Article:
1

I'm not sure if it's better to notify them as soon as possible or if two weeks is actually the best padding to give.

I've never had to do something like this before. It's actually the first time I'm leaving a job by my own accord.

What should I do?

closed as primarily opinion-based by gnat, IDrinkandIKnowThings, Jim G., user8365, jcmeloni Jun 2 '14 at 18:39

Many good questions generate some degree of opinion based on expert experience, but answers to this question will tend to be almost entirely based on opinions, rather than facts, references, or specific expertise. If this question can be reworded to fit the rules in the help center, please edit the question.

  • Does your employee handbook or other employment documents you may have signed indicate what the company expects? – jcmeloni Jun 2 '14 at 16:26
  • I hadn't thought of that, but I will have to check. I don't know at this time. @jcmeloni – Kehlan Krumme Jun 2 '14 at 16:28
5

This varies by country and employer so you will need to do some research to find the correct answer. Check your contract, employment agreement or HR policy guide to see if there is a stated requirement. You might also need to check the law in the city/country where you work.

There is just as much possible risk from early disclosure as there is possible benefit. Some companies/bosses might appreciate the early notice, others might start treating you like you are gone already. I would stick with whatever notice period you find in your research.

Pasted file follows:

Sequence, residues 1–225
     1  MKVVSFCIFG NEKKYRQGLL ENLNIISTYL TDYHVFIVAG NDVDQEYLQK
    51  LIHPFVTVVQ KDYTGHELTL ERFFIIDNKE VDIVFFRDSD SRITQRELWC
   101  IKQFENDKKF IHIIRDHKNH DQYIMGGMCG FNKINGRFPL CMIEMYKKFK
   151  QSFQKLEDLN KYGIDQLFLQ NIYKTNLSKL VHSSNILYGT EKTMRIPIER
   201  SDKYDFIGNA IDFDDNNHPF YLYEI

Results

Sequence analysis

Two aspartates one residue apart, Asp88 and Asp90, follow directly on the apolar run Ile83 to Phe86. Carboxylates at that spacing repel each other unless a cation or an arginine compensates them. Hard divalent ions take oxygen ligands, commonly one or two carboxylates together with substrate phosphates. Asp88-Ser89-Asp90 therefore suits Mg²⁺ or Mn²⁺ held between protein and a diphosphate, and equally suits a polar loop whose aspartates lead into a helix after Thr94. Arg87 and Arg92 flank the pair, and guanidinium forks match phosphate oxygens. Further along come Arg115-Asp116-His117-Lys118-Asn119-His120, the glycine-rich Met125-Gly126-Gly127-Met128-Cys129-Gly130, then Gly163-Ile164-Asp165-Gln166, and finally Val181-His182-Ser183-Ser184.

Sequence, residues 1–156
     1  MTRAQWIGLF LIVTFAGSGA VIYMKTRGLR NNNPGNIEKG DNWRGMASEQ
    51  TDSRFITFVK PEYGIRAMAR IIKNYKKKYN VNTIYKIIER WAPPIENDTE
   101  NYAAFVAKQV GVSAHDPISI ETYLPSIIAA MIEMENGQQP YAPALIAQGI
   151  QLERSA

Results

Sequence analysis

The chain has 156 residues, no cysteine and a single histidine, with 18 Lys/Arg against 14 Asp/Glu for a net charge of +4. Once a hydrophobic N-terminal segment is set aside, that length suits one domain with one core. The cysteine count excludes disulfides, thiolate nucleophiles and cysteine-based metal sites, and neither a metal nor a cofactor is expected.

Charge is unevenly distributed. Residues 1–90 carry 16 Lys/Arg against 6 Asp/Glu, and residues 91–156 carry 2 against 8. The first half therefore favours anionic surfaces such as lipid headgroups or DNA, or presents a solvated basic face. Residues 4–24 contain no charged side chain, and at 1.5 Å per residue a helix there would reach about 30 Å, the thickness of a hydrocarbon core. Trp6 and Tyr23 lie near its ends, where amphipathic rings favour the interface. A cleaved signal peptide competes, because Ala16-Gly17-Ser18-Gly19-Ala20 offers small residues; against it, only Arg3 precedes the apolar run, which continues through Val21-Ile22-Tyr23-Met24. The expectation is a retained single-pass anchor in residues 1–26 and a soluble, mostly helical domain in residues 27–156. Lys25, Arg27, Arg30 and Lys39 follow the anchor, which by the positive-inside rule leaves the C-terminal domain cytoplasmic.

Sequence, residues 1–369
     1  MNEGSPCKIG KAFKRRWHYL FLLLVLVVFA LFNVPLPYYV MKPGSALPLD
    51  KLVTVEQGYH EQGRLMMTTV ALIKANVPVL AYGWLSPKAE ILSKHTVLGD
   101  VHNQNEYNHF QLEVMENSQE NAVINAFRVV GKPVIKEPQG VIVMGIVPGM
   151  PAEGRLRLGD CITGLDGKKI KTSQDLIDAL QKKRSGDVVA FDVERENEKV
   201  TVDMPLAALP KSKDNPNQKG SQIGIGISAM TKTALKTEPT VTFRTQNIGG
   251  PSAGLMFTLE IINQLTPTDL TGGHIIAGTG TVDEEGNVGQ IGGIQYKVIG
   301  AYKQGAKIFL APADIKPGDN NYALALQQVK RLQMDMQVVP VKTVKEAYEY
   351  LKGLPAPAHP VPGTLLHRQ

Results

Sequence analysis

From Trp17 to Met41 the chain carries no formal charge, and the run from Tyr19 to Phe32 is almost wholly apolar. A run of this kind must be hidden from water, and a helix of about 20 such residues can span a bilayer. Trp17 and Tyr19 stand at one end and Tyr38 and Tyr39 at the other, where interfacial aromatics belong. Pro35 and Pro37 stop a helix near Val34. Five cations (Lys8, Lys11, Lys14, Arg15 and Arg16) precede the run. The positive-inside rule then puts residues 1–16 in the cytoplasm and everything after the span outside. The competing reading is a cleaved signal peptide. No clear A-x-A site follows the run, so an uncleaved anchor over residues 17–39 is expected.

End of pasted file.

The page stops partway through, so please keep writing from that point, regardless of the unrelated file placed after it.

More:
5

This depends on what kind of relationship you have with your boss at your current company. If you have a generally cooperative and honest relationship, then be nice and give them the most possible warning.

Don't just say "I'm outta here in 4 weeks.". Something in a more cooperative spirit would be better: "I'm leaving in 4 weeks. I'm telling you this now because Acme Company and you have always been fair to me, and I want to give you the most time to plan and figure out how I can best use my remaining time to make this as smooth as possible for you.". Unless the boss really can't stand you and was looking for a opportunity to dump you, you're not going to get terminated early.

Don't be surprised if a lot of your remaining time is spent making sure whatever you worked on is properly documented, and your current project is transitioned to someone else. That's just how this works, and should not be taken as a insult or lack of confidence in your abilities.

The worst the existing company can do is lay you off on the spot, in which case you'll still get paid for 2 of the 4 weeks at minimum, unless you have a very unusual employment contract. However, the upside is more substantial. You may not need anything from your current company now, but it's always good in the long term to leave on good terms. Next job change, being able to use your current boss as a reference could be quite valuable. It's never good to burn bridges behind you. In fact, it's worth some effort and some risk to try to do the opposite. By giving them early notice, you do them a favor on the way out. Unless your boss is a complete jerk, that won't be forgotten.

Not the answer you're looking for? Browse other questions tagged or ask your own question.